Offshore Wind Power In Mid-Atlantic Blowing

An offshore wind power process started by the U.S. Department of the Interior’s Bureau of Ocean Energy Management, Regulation and Enforcement (BOEMRE) continues to blow forward slowly. When we last reported about this back in late May, BOEMRE said it would “eliminate a redundant step in the noncompetitive leasing process for commercial renewable energy development on the U.S. Outer Continental Shelf (OCS) where developers are trying to launch offshore wind projects.”

Now, according to the federal agency, it is seeking public comment “on a draft Environmental Assessment (EA) that considers potential environmental and socioeconomic effects of issuing renewable energy leases in designated Wind Energy Areas (WEAs) offshore New Jersey, Delaware, Maryland and Virginia.” These areas been identified as regions of the OCS that are best suited for large scale, offshore wind power development.

Offshore Wind Power

image via Shutterstock

The draft EA, according to BOEMRE, is available for review. Those wanting to comment on it have until August 11 to do so. Comments will be useful twofold via (1) helping to prepare the final EA and (2) assisting in determining whether an Environmental Impact Statement (EIS) needs to be prepared.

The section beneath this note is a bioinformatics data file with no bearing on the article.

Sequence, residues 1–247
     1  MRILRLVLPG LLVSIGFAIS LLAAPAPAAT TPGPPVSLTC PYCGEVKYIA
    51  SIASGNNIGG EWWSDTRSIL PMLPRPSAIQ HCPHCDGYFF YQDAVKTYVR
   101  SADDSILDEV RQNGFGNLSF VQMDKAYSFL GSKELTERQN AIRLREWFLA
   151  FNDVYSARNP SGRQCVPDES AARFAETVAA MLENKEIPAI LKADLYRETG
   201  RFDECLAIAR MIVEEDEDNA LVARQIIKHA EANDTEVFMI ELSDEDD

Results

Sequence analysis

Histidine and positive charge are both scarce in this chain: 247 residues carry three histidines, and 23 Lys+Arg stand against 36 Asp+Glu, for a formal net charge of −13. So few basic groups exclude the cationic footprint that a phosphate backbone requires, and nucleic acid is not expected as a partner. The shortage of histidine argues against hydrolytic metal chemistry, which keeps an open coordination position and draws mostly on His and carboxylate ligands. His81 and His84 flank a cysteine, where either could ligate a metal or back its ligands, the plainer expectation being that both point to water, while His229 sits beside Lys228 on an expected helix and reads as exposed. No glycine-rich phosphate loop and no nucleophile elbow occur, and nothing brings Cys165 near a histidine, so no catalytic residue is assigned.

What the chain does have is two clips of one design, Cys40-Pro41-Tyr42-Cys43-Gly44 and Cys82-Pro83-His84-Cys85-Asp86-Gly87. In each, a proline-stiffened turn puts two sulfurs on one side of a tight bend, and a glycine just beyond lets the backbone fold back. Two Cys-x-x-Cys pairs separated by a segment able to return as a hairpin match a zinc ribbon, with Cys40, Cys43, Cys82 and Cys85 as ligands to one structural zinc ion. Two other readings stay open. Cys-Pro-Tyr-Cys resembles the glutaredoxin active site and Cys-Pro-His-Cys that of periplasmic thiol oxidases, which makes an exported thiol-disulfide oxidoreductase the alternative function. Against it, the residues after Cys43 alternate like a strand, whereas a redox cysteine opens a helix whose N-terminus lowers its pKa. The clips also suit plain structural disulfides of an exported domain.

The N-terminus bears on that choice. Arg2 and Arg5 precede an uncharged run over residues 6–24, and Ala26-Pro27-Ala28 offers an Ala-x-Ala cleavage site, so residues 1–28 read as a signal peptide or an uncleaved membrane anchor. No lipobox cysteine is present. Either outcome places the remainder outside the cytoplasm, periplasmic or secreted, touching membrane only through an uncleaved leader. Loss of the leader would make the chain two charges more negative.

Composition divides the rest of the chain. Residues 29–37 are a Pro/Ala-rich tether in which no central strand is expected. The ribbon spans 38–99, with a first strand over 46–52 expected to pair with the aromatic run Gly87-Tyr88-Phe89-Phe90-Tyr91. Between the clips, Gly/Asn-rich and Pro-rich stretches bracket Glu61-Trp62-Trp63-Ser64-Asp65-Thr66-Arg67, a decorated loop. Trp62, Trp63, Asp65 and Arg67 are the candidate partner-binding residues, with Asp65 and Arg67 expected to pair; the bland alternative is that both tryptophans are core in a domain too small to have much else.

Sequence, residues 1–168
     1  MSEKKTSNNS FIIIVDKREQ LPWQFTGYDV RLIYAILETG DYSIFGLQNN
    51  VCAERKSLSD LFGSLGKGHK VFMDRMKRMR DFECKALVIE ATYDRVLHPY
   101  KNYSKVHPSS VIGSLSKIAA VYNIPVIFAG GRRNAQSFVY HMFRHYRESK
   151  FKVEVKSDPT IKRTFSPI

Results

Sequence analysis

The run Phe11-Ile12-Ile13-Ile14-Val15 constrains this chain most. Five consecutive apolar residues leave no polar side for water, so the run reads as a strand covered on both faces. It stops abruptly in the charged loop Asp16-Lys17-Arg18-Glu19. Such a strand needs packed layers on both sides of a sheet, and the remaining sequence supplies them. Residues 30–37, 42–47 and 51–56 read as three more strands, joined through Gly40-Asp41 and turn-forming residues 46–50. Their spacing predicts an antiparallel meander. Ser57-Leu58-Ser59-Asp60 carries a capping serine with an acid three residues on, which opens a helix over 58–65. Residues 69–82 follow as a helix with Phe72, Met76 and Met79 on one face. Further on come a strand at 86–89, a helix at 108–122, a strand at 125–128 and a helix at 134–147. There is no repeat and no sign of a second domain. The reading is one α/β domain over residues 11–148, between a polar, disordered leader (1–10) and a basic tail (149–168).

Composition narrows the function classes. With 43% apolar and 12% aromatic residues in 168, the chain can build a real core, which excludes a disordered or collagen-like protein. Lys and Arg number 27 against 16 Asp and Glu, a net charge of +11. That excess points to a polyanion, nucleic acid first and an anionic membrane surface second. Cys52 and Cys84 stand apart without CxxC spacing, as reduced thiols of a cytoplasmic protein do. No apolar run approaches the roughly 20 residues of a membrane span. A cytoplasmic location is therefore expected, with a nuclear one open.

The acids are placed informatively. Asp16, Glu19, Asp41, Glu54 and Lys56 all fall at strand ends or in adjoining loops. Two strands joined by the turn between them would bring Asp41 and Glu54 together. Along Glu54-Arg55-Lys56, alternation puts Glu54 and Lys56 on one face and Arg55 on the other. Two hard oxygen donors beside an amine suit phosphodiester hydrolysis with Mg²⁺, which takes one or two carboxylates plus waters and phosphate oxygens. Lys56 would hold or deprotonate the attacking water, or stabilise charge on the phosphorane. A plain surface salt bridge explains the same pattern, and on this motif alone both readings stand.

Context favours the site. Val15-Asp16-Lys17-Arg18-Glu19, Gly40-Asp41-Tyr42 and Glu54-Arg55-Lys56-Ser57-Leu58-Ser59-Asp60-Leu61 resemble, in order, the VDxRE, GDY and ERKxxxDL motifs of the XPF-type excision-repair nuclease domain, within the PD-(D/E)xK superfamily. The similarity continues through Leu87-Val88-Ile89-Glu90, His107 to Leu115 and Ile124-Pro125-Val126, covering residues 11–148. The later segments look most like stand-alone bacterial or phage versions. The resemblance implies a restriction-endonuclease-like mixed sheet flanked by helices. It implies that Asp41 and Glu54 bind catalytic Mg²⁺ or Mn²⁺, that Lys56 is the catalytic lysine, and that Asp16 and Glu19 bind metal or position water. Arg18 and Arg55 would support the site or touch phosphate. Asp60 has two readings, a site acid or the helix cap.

Eventually, specific areas within the WEA zones will be identified as areas where BOEMRE will focus its leasing efforts. The agency noted that any leases ultimately issued will not authorize construction or operations; instead, specific proposed projects will be the subject of subsequent environmental review and analysis with additional opportunities for public comment.

I am the editor-in-chief and founder for EarthTechling. This site is my desire to bring the world of green technology to consumers in a timely and informative matter. Prior to this my previous ventures have included a strong freelance writing career and time spent at Silicon Valley start ups.

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